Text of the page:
This year I crafted the role of the elementary tech integrator kind of from scratch, as it did not previously exist in our district, although my job description mirrored that of our secondary tech integrator. I spent time getting to know the teachers and students at each building. I made sure certain online accounts were up and running, such as those for Kidblog and Qwertytown. I devoted a good deal of time to curating and sharing resources. I used Google Forms for record keeping purposes, to easily track the grade levels, teachers, students and teams I worked with, as well as the different topics and tools that I coached/provided tutorials and/or direct instruction. My summary of responses indicated that I spent a lot of time working with grades 3-6 and less time in the primary grades. Reflecting on that, our Grades 4-6 students learn in a 1:1 setting and therefore have more opportunities for fluent tech use on a daily basis, where the primary classes typically share devices and/or utilize the computer labs for project work. Google Apps for Ed accounts begin in grade 3, and I completed numerous lessons and push-in support for students and teachers on GAFE topics this year. I worked 1:1 with a number of teachers, supporting their classroom endeavors, and also with specific grade levels supporting needs as requested. I had the opportunity to push into a grade five classroom during their Genius Hour project work time for a handful of hours, and the students really inspired me with their questions, thinking, and project work! Also this year I finalized the K-6 technology integration framework that is built on ISTE Standards for Students, and I worked with the secondary tech integrator, the mighty Tim, to write Spartan Digital Competencies for Teachers based on ISTE Standards for Teachers. This will be used in conjunction with our teacher evaluation system to provide teachers with the opportunity to set goals and make plans to integrate technology meaningfully into their practice and classroom activities. I worked through the Common Sense Media scope and sequence and instructed students in grades 3-6 on various lessons from that framework, and also met with our computer lab personnel to help them roll out these lessons in their settings as well. Throughout the year I developed and presented sessions during our elementary in-service days. We learned more about blogging with students, incorporating Google Drive into classroom activities, digital storytelling projects, and formative assessment with digital tools. Tim and I co-planned the end of year “Tech Day” for all K-12 staff, which was held on the last day of school. We received some really positive feedback about the structure of the day and the sessions offered! I also ended up assuming the role of overseeing some of the district’s social media channels.

I’d like to think I made a positive impact this first year. I noticed an increase in use of many of the digital tools our district offers, and I received some complimentary feedback on a personal level from a number of teachers. That being said, I didn’t reach as many people as I could have. I didn’t “push” enough and perhaps didn’t make myself as available as possible. My hope is that now that my position is well established, folks will think of me sooner than later next year, and eagerly ask for my input and help when needed. What I learned about adult learners is that they want relevant, timely resources. They want to be coached in a way that does not belittle them or make them feel as though the skills they already have are not important. Teachers will not plan to use technology/devices/tools that are unreliable. There is nothing more defeating than getting psyched up to take a risk and try something new in your classroom, and then have a huge fail: device fail, network fail, battery fail, whatever. What I learned about students is that they want to talk about their digital interactions and their lives using technology. Even our youngest learners are using technology in ways that can be powerful, yet many are subscribed to services and using apps and platforms that are collecting their data and using their personally identifiable information, and they’re doing so without a parent’s permission or without some adult in their life looking over their activities. That makes me nervous and further solidifies to me that we, as educators, need to model for our students what it means to be a critical, wise, healthy, and kind consumer and creator in the digital age.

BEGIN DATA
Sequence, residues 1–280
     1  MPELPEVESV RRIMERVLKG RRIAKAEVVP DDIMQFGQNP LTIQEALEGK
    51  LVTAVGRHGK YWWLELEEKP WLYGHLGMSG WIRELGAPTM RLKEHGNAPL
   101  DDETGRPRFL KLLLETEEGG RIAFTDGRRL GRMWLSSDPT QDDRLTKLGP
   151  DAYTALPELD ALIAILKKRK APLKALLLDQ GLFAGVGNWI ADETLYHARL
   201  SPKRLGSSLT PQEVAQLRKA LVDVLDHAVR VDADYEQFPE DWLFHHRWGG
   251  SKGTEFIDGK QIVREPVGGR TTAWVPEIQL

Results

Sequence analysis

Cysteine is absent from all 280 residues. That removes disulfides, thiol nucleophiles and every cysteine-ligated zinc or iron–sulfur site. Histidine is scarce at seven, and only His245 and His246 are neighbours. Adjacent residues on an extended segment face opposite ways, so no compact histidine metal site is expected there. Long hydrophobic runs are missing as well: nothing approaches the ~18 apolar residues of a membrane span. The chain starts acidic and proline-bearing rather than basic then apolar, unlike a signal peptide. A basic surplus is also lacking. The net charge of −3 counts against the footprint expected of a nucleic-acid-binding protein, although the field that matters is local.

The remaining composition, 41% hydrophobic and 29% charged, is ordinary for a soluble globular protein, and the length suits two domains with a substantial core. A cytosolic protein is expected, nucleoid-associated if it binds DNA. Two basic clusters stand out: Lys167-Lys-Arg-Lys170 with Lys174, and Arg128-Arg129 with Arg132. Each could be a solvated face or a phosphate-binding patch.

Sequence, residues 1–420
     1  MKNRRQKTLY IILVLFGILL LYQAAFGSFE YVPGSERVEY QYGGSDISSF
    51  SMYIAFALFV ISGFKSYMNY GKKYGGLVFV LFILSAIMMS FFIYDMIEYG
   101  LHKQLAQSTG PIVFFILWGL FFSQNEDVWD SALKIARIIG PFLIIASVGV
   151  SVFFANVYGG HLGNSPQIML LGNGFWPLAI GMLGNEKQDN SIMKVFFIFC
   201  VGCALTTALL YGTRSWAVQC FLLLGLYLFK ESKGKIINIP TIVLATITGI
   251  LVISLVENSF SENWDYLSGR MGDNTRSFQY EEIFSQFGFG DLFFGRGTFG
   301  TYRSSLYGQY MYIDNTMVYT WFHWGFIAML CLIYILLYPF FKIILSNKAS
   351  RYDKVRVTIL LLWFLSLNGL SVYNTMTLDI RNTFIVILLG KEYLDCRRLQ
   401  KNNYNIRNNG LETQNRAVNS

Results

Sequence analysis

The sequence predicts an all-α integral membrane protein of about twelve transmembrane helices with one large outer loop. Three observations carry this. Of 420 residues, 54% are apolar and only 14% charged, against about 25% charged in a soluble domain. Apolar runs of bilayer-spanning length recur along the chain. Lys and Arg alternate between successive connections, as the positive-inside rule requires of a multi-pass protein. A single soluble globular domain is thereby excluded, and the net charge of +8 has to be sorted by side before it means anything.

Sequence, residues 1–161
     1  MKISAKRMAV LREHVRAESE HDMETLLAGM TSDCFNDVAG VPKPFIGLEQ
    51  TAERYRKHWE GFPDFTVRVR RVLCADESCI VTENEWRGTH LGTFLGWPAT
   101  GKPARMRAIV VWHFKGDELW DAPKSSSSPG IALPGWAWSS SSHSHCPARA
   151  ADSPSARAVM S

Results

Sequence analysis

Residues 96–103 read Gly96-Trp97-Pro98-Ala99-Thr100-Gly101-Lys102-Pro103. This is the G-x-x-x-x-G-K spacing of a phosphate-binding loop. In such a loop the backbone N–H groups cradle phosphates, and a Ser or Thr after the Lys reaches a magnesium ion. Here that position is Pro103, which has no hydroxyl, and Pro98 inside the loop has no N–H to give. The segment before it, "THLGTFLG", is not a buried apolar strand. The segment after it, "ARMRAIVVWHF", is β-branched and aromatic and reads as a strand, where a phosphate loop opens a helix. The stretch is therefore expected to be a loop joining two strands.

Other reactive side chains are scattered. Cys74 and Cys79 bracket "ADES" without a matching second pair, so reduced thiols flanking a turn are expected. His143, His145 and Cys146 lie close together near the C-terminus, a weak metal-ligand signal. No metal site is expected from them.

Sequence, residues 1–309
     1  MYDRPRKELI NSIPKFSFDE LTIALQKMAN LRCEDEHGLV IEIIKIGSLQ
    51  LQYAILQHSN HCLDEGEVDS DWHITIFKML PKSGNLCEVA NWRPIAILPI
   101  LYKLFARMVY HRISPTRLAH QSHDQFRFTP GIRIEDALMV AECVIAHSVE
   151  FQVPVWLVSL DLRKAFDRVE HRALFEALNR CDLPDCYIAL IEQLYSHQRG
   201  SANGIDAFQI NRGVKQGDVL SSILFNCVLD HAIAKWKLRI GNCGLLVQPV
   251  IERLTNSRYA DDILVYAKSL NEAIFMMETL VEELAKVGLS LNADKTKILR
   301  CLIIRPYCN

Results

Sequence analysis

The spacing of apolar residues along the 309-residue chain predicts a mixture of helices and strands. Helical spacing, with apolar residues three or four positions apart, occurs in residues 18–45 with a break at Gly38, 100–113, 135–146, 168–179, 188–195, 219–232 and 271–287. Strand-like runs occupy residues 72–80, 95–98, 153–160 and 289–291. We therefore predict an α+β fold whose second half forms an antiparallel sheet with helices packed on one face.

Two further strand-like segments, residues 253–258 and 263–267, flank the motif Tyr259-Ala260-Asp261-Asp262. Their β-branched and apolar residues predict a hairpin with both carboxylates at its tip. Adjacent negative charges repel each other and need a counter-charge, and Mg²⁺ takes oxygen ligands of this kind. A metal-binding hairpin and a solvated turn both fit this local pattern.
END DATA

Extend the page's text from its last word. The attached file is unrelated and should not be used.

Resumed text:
As I spent a lot of time locating, curating, and sharing resources for my teachers and school community, I can share evidence such as my Elementary Tech Integrator blog, Tech Tidbits issues made on Smore, and family newsletters. I also created instructional materials to accompany the Common Sense Media digital citizenship lessons we taught in grades 3-6 and became a Common Sense Media Certified Educator this year. I presented with some of our district support staff at a Title 1 parent conference at our IU to share family-focused digital citizenship resources.

In the connected edusphere, I had the opportunity to write a chapter for an upcoming Learning Forward publication, presented at FETC, PETE & C, and several webinars for Simple K-12. I facilitated another successful Educational Leadership in the Digital Age course for PLP (hoping to run another section in the fall, if you’re interested!) and next year I am slated to attend and present at Edscape, the Learning Forward conference, and integratED PDX.

This Summer

Truthbomb: this summer I am going to spend a lot of time with my ridiculously handsome and personable toddler and family and a lot of time at the beach! My position is a teacher contracted position and thus I am no longer a 12-month employee. I am scheduled to work a handful of days in the summer months, which will include

  • Attending IU13’s e-Learning Revolution conference next week, presenting on digital age professional development on day 2 and the Bucks-Lehigh Edusummit in August to share about elem. tech integration
  • Providing a day of training for staff with our new district blogs through Edublogs/Campuspress!
  • Continuing to update the Elem Tech Integrator blog and sharing resources with staff
  • Working with our grades 1 and 6 teams who are transitioning to a hybrid instructional model next year
  • Reading Invent to Learn and putting some ideas together for an elementary makerspace
  • Continuing to moderate the Instructional Technology Integrators and Coaches Google+ community
  • Capturing family moments in thousands of photos and videos, using Day One to journal our special time together, and working on my Project Life 2014 album

No matter what your role this year, take some time to reflect. You’ll be surprised at how this process allows you to see how much you’ve learned, the ways in which you contributed to your learning community, and the things you need to do to improve and grow professionally to make an even more lasting impact in years to come. This post is certainly worthy of a TLDR tag, and I know I didn’t articulate all of the ways in which I served my district this year, but this reflective process is truly a powerful one.

In my next post, I’ll tackle the final two sections of Aguilar’s reflection guide: what I hope to accomplish come August/Fall and Next School Year. Stay tuned!